A New Norm In Terrorism? Why Vehicle Attacks Put Everyone On Edge

REUTERS/Jean-Pierre Amet

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Ryan Pickrell China/Asia Pacific Reporter
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When a vehicle crashes into a crowd of people, killing innocent civilians, it raises alarms, as vehicle attacks have increasingly become a popular method of attack for extremists.

A white rental van mounted the curb and slammed into a cluster of pedestrians in Toronto, Canada, Monday afternoon, killing nine and injuring over a dozen others. The suspect, who was reportedly armed, attempted to flee the scene but was ultimately apprehended by authorities. While the incident has not been declared a terrorist attack, it has some of the familiar characteristics.

A man with suicidal thoughts smashed a van into a group of people on April 3 outside a restaurant Münster, Germany, ending several lives. Before details of the driver’s condition emerged, there were serious concerns the incident might have been a terrorist attack.

Terrorists have been using vehicles as weapons for over a decade now, but such attacks are much more frequent than they were in the past. Both Al-Qaeda and the Islamic State have strongly encouraged its followers to use vehicles to inflict heavy casualties on civilians.

The first major vehicle attack in the West occurred in Nice, France, on July 14, 2016. Mohamed Lahouaiej Bouhlel, a native of Tunisia, used a 20-ton truck to kill civilians gathered to watch the Bastille Day fireworks. The attacker killed a total of 84 people and injured around 200 others.

On December 19, 2016, Anis Amri slammed a tractor-trailer into a crowd of people at a Christmas market in Berlin, Germany, ending the lives of 12 and injuring nearly 50 others.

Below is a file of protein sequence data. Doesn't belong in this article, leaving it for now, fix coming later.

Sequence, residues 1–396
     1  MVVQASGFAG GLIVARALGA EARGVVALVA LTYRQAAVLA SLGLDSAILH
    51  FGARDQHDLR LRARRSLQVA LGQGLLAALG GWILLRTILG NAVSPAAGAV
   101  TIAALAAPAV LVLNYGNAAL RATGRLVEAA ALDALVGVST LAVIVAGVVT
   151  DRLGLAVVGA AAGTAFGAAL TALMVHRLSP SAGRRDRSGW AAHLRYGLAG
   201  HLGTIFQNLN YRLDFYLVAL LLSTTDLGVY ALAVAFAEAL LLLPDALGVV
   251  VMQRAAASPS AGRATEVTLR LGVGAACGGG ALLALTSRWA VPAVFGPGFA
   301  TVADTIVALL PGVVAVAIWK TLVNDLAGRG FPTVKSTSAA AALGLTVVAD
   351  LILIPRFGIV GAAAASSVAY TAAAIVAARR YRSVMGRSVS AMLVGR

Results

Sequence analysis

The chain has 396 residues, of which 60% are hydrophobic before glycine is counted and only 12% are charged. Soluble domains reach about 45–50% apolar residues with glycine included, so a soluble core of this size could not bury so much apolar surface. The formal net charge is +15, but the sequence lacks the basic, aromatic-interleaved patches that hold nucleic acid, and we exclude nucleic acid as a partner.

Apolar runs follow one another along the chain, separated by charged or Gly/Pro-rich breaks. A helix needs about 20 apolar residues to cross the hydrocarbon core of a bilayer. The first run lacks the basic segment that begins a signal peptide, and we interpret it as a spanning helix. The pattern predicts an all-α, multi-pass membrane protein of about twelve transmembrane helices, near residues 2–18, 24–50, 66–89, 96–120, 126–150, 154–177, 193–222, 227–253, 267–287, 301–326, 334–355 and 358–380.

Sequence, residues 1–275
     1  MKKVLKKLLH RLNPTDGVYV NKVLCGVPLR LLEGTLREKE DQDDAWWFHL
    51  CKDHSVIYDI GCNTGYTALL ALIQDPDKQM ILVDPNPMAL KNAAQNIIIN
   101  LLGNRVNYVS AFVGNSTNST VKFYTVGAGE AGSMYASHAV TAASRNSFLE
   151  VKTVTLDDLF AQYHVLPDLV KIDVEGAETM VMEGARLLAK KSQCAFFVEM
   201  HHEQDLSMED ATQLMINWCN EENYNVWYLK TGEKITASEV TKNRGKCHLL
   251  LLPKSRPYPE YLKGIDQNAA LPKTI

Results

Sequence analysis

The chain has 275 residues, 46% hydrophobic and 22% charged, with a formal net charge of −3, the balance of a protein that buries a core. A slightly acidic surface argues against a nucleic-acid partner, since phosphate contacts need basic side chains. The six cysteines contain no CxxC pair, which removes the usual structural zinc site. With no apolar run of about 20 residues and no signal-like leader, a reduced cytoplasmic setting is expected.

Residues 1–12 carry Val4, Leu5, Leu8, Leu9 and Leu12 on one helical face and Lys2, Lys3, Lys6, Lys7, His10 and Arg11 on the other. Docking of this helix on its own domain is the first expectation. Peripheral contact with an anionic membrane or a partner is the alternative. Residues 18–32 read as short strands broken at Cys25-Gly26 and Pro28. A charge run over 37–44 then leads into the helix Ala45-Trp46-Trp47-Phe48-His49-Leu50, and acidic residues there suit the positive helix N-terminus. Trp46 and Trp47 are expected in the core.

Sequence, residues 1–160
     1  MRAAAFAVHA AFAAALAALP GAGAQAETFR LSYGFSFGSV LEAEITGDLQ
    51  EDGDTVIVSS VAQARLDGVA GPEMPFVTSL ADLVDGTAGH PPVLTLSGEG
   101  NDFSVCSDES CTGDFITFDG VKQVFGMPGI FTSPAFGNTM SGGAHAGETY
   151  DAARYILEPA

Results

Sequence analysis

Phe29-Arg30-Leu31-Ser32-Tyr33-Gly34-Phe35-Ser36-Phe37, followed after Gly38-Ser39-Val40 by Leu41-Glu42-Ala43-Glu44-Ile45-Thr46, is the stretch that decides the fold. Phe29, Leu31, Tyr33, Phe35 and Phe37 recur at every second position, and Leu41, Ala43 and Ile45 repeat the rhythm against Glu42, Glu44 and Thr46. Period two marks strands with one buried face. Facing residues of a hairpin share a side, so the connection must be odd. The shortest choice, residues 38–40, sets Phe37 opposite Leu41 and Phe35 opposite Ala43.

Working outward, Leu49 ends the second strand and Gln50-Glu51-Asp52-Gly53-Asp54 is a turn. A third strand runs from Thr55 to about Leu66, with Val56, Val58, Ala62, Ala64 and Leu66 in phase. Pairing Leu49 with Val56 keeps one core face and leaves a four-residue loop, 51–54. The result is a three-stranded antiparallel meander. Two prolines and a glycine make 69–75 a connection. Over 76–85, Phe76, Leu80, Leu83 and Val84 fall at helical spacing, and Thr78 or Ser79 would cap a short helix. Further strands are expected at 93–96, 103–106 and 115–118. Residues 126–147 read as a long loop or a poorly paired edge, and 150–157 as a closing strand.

Terrorists carried out half a dozen vehicle attacks in 2017, leaving dozens of bodies in their wakes.

Suspected ISIS sympathizer Fadi Qunbar smashed a truck into a group of soldiers in Jerusalem on January 8, 2017, killing four and injuring 10.

London, England, experienced two vehicle attacks in March and June of 2017. An attack on Westminster Bridge left behind four dead and many more wounded, and the later attack on London Bridge killed eight and injured around 40 other people.

When suspected ISIS sympathizer Rakhmat Akilov, a native of Uzbekistan, plowed a stolen beer truck into a crowd of people on a shopping street in Stockholm, Sweden, on April 7, 2017, he killed a total of five people and injured roughly 12 others.

In August 2017, extremists labeled “soldiers of the Islamic State” killed 14 people and injured more than 100 others with a van in Barcelona, Spain. On October 31, 2017, the driver of a rental truck jumped the curb and ran down pedestrians on a bicycle path in Manhattan, New York. Sayfullo Habibullaevic Saipov, an ISIS-inspired extremist, killed eight and wounded 12 others.

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